History of West Kennet Long Barrow
One of the largest and most impressive Neolithic graves in Britain, West Kennet Long Barrow was built around 3650 BC and used for at least 1,000 years.
The barrow may have been constructed in at least two phases, as there is a noticeable bulge halfway along the longitudinal axis accompanied by a subtle change in direction.
Some cremations and the partial remains of at least forty-six individuals – both male and female and of all ages – have been found inside, together with grave goods including pottery, beads and stone implements such as a dagger, dated to between 3000 and 2600 BC.
The tomb was closed sometime around 2000 BC and the main passage filled with earth, stones, rubble and debris. The forecourt was then blocked with sarsen boulders and a false entrance of twin sarsen uprights constructed. Finally, three massive sarsen blocking-stones were erected across the front (eastern end) of the tomb.
The barrow was first excavated in 1859 and then again, scientifically, in 1955–6, after which the site was restored and the façade and chambers at the eastern end reconstructed.
The huge earth barrow survives to a maximum height of 10.5 feet (3.2 metres) and tapers out from the narrower western end to a maximum width of 82 feet (25 metres) towards the eastern entrance.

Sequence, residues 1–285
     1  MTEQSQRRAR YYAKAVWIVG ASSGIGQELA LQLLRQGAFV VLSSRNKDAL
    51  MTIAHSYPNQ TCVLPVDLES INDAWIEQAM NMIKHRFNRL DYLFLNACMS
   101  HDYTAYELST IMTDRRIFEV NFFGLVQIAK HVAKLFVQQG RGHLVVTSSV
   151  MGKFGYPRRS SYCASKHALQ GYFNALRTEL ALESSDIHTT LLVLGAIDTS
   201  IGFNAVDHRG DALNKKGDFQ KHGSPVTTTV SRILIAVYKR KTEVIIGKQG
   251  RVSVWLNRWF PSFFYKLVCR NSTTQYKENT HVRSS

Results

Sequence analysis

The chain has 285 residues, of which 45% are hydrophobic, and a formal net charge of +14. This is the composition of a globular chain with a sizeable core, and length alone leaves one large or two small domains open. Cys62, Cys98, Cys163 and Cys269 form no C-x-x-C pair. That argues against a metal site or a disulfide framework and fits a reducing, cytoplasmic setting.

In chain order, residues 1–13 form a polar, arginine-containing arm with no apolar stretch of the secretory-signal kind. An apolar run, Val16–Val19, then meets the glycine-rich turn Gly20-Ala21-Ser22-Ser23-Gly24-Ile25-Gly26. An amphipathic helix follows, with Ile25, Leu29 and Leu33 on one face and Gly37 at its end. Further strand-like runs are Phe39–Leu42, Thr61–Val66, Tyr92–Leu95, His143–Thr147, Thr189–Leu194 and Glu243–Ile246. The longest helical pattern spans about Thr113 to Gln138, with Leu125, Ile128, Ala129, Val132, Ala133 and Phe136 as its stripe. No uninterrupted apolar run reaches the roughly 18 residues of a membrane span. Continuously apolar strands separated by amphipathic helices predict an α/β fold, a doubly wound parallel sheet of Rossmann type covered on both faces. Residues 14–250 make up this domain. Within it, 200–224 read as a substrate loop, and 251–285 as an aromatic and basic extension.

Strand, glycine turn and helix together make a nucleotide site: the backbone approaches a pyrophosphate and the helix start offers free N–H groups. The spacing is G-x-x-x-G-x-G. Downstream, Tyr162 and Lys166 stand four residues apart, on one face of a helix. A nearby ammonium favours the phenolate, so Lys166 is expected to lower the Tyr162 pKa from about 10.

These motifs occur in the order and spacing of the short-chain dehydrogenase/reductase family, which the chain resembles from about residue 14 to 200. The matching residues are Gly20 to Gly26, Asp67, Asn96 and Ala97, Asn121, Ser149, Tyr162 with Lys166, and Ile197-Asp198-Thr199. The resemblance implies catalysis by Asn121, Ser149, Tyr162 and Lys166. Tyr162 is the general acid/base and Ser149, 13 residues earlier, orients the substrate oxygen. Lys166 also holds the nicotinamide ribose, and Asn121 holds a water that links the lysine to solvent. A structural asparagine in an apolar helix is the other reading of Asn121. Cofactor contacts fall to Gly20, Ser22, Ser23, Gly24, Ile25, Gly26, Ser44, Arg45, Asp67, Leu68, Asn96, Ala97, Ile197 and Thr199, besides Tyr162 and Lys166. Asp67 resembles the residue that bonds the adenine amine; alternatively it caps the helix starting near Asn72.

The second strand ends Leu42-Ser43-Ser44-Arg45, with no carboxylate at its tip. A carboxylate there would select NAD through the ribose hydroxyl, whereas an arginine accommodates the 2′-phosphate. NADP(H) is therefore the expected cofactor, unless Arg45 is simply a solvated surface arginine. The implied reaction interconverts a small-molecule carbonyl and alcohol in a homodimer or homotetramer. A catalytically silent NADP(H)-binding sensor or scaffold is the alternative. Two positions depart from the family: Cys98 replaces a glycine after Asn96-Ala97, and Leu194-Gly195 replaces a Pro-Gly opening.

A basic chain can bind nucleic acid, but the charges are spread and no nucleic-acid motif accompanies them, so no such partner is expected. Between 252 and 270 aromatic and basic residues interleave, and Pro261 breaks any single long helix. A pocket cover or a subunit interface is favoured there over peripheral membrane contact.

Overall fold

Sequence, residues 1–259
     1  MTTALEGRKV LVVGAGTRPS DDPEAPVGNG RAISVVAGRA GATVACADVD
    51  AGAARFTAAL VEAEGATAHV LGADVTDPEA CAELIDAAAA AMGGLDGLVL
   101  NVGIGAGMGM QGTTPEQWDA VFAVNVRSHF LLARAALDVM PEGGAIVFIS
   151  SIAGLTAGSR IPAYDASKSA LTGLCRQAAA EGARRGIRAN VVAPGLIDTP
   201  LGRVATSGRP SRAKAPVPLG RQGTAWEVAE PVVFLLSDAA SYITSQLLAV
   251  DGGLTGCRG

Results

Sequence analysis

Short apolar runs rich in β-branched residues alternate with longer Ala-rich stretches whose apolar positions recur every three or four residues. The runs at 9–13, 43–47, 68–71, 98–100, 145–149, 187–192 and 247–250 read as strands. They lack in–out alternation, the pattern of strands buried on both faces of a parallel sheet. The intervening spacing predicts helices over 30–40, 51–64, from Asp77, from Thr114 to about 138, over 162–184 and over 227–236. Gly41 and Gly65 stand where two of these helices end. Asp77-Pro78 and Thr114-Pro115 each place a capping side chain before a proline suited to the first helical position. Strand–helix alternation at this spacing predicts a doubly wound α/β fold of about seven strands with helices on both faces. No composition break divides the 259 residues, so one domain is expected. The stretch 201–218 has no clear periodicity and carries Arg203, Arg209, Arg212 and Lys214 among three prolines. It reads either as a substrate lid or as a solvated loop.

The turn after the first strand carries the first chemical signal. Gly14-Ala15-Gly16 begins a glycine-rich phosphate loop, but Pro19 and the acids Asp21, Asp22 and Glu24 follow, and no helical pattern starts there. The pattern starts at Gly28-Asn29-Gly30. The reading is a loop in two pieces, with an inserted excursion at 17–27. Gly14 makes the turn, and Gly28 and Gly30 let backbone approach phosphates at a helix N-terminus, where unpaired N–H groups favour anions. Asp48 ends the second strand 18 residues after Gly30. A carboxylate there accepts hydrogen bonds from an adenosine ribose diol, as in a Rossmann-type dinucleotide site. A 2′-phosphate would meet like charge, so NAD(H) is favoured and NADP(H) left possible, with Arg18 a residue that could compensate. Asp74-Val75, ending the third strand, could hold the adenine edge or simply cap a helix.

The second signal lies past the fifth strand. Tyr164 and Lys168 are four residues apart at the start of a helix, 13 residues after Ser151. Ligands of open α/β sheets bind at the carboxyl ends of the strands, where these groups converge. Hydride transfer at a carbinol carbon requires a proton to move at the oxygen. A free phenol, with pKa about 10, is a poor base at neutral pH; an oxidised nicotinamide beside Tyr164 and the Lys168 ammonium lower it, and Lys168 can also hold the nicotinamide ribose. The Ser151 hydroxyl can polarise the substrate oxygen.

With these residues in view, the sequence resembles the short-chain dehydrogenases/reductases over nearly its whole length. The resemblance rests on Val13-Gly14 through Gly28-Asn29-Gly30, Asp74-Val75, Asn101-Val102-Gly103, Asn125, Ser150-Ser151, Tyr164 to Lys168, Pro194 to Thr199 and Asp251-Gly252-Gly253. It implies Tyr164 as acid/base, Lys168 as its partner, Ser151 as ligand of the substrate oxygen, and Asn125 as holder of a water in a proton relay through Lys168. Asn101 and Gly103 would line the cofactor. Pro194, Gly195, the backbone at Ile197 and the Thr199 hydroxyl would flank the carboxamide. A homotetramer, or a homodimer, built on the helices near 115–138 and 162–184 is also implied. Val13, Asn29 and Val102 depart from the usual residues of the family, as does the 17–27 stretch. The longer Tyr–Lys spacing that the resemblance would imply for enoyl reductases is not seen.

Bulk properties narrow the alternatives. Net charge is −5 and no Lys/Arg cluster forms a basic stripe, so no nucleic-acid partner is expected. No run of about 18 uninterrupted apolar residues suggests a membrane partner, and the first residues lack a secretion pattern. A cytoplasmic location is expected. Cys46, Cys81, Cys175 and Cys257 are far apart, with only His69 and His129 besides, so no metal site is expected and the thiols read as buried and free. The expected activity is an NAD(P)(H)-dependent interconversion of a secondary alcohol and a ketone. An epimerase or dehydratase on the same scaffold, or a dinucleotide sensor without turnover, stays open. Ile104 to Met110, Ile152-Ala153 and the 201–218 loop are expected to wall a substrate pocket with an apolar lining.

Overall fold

At just over 328 feet (100 metres), the barrow is second only to the nearby East Kennet Barrow in length. Although it is now covered with turf it would originally have had bare chalk sides and would have stood out against the landscape. It consists of a core of sarsen stones capped with chalk rubble from the surrounding quarry ditches.
At the eastern end of the mound is an impressive structure consisting of five chambers opening off a central passage. This is fronted by a semicircular forecourt with a façade of huge sarsen stones aligned north–south.
The main passage penetrates about 42 feet (13 metres) into the barrow, with two of the burial chambers on each side of the passageway and one chamber at the end. The side ditches to the north and south of the mound have now been almost buried by ploughing.
It is possible to enter the chamber of the barrow, and from the top of the mound there are good views of Silbury Hill, the East Kennet Barrow, the Sanctuary and Windmill Hill.
Piggott, S, The West Kennet Long Barrow: Excavation 1955–6 (London, 1962)